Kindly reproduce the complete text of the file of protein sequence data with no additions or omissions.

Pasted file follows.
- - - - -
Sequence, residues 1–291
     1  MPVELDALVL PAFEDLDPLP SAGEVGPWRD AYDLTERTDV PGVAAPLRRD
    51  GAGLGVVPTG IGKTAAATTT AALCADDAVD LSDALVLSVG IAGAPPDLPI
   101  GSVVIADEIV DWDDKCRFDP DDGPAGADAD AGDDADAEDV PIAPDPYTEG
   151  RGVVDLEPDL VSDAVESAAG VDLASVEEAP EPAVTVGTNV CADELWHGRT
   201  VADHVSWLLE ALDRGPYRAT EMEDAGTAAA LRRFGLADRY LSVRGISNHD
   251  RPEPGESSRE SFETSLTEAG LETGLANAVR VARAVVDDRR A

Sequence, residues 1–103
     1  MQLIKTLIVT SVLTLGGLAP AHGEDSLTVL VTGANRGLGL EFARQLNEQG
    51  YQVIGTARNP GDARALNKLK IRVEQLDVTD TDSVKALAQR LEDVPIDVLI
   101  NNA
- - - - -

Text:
Sequence, residues 1–291
     1  MPVELDALVL PAFEDLDPLP SAGEVGPWRD AYDLTERTDV PGVAAPLRRD
    51  GAGLGVVPTG IGKTAAATTT AALCADDAVD LSDALVLSVG IAGAPPDLPI
   101  GSVVIADEIV DWDDKCRFDP DDGPAGADAD AGDDADAEDV PIAPDPYTEG
   151  RGVVDLEPDL VSDAVESAAG VDLASVEEAP EPAVTVGTNV CADELWHGRT
   201  VADHVSWLLE ALDRGPYRAT EMEDAGTAAA LRRFGLADRY LSVRGISNHD
   251  RPEPGESSRE SFETSLTEAG LETGLANAVR VARAVVDDRR A

Sequence, residues 1–103
     1  MQLIKTLIVT SVLTLGGLAP AHGEDSLTVL VTGANRGLGL EFARQLNEQG
    51  YQVIGTARNP GDARALNKLK IRVEQLDVTD TDSVKALAQR LEDVPIDVLI
   101  NNA